If you’ve checked your IP address, then your router is most-likely blocking your access. Review the instructions listed in in Remote Access to ensure that you have a Port Forwarding rule set up.
Let’s Encrypt Certificate vs. Cloudflare Certificates (Skip this if you aren’t into the nerdy stuff)
Cloudflare offers something akin to Let’s Encrypt by allowing SSL traffic to be encrypted between the host (in this case Home Assistant) and the rest of the world. If you wish to do this, please read their documentation. There are some pros/cons with this but I have decided to leave this out. While easier to set up, I personally think it’s not as safe as it can create a man-in-the-middle that you do not control between Home Assistant and your devices.
Doing this also will require you to log into Home Assistant through the Internet, creating some additional latency, albeit minute.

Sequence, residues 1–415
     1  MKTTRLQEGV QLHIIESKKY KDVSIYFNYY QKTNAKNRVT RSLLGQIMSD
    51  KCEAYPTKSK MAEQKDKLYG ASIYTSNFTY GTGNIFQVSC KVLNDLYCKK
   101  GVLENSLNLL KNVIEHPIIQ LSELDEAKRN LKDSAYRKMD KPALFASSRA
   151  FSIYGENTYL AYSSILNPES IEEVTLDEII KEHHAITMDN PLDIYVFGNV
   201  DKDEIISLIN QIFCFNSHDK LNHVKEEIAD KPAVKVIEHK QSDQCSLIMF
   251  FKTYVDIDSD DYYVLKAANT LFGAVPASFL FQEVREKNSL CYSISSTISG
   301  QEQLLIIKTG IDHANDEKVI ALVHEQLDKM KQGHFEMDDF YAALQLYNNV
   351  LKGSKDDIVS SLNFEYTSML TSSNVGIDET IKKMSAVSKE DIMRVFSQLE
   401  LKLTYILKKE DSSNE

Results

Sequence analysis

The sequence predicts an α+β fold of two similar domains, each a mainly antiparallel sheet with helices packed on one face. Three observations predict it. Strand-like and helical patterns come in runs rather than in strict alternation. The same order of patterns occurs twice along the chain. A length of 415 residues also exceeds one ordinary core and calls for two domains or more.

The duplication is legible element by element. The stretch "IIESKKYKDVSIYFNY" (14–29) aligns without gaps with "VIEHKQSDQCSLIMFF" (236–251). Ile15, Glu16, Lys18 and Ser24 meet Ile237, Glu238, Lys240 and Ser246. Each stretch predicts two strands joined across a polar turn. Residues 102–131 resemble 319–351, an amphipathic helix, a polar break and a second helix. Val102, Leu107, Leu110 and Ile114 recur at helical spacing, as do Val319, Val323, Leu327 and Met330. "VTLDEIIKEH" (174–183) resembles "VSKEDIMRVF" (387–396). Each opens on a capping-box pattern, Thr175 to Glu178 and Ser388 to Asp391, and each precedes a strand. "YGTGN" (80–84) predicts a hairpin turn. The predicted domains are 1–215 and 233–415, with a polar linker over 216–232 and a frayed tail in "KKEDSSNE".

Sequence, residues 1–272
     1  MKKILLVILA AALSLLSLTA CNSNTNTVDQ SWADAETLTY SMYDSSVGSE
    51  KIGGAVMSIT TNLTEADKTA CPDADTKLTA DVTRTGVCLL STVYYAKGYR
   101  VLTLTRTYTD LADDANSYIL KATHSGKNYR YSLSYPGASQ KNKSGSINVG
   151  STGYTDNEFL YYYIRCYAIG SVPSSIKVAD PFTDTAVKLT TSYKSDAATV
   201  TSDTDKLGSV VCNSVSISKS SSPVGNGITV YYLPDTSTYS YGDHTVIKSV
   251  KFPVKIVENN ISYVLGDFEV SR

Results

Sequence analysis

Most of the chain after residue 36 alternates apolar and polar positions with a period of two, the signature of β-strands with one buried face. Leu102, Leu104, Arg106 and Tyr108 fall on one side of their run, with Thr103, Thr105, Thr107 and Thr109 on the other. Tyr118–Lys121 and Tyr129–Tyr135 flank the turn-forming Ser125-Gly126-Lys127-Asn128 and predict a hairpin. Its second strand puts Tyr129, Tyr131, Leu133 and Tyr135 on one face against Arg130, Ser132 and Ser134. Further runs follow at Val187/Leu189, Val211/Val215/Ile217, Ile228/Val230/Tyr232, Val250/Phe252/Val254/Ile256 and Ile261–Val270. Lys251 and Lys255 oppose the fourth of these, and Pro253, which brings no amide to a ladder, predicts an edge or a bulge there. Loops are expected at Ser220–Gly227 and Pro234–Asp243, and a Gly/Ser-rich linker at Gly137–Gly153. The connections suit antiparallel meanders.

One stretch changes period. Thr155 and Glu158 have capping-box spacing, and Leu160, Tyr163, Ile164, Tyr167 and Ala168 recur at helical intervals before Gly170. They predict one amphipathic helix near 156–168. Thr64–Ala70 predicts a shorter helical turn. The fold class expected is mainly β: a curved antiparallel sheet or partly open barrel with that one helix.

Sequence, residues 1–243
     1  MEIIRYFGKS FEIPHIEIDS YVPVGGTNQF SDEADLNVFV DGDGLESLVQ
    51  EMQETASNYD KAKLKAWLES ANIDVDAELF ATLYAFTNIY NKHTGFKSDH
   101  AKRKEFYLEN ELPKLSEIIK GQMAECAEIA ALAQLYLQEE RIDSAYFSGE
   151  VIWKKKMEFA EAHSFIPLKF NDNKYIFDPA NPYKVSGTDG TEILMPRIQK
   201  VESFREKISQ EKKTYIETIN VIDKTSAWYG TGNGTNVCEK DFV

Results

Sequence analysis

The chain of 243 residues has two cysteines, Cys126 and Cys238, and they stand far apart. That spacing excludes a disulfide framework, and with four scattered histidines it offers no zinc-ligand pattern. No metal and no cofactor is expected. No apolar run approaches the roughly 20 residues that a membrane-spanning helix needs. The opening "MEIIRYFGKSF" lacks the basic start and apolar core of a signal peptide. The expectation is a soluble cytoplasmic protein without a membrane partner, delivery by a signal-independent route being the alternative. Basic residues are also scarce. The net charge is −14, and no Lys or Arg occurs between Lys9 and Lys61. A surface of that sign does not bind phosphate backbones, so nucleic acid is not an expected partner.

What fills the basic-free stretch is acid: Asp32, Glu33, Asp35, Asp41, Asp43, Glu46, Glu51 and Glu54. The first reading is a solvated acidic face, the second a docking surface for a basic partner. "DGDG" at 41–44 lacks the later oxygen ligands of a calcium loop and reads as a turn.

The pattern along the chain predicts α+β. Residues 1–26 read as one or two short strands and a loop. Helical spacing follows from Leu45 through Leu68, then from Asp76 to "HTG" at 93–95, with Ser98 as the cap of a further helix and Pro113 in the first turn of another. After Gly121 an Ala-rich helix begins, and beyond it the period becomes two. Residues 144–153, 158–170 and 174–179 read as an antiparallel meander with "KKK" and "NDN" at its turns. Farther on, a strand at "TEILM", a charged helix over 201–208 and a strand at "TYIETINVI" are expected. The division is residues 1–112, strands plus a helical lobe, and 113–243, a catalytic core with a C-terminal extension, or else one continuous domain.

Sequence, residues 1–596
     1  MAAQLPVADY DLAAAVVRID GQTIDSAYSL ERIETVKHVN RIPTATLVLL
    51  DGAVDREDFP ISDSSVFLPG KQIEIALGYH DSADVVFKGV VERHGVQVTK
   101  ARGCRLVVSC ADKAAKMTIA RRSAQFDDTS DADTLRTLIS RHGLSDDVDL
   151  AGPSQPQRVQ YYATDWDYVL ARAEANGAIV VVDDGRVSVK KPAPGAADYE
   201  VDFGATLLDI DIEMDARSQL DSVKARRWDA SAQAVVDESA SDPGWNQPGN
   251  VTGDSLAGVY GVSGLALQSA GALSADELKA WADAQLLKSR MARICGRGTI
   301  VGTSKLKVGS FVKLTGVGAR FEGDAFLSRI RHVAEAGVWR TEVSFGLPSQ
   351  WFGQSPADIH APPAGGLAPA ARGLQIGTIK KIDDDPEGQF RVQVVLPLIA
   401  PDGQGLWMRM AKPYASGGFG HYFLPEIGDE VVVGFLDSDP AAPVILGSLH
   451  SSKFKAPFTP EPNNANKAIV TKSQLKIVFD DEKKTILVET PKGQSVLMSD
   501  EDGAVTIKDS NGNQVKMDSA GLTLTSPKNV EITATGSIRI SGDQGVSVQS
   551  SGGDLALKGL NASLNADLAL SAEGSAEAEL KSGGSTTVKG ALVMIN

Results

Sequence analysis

Log into your Home Assistant web portal and then go to “Settings” > “Add-ons”. Click on the “Add-on Store” on the bottom right corner and search for “Let’s Encrypt”.
Click “Install” but do NOT select “Start on Boot”. We’ll enable this at the very end.
Once installed, click on the “Configuration” tab.
Click on the “Kabob” menu on the right side and click “Edit in YAML”. (The UI does not present you with the ability to type in a domain name.)
Copy and paste the text below, replacing what is listed:
domains: - homenetwork.example.tk - "*.homenetwork.example.tk" email: [email protected] keyfile: privkey.pem certfile: fullchain.pem challenge: dns dns: provider: dns-cloudflare cloudflare_api_token: replace-me-with-your-api-token
Under the “domains” property, you’ll notice that I provided both the subdomain and what’s called a wildcard domain. This is necessary if you want Home Assistant to not give you an error while you are inside your home network.
A real email address is not required. Providing one will send you reminders when your certificate is about to expire.
Be sure to replace the “cloudflare_api_toke” with the token you generated a few steps ago.
Once complete, hit save.
Return to the “Info” tab for the Let’s Encrypt addon. Click “Start” and hold your breath!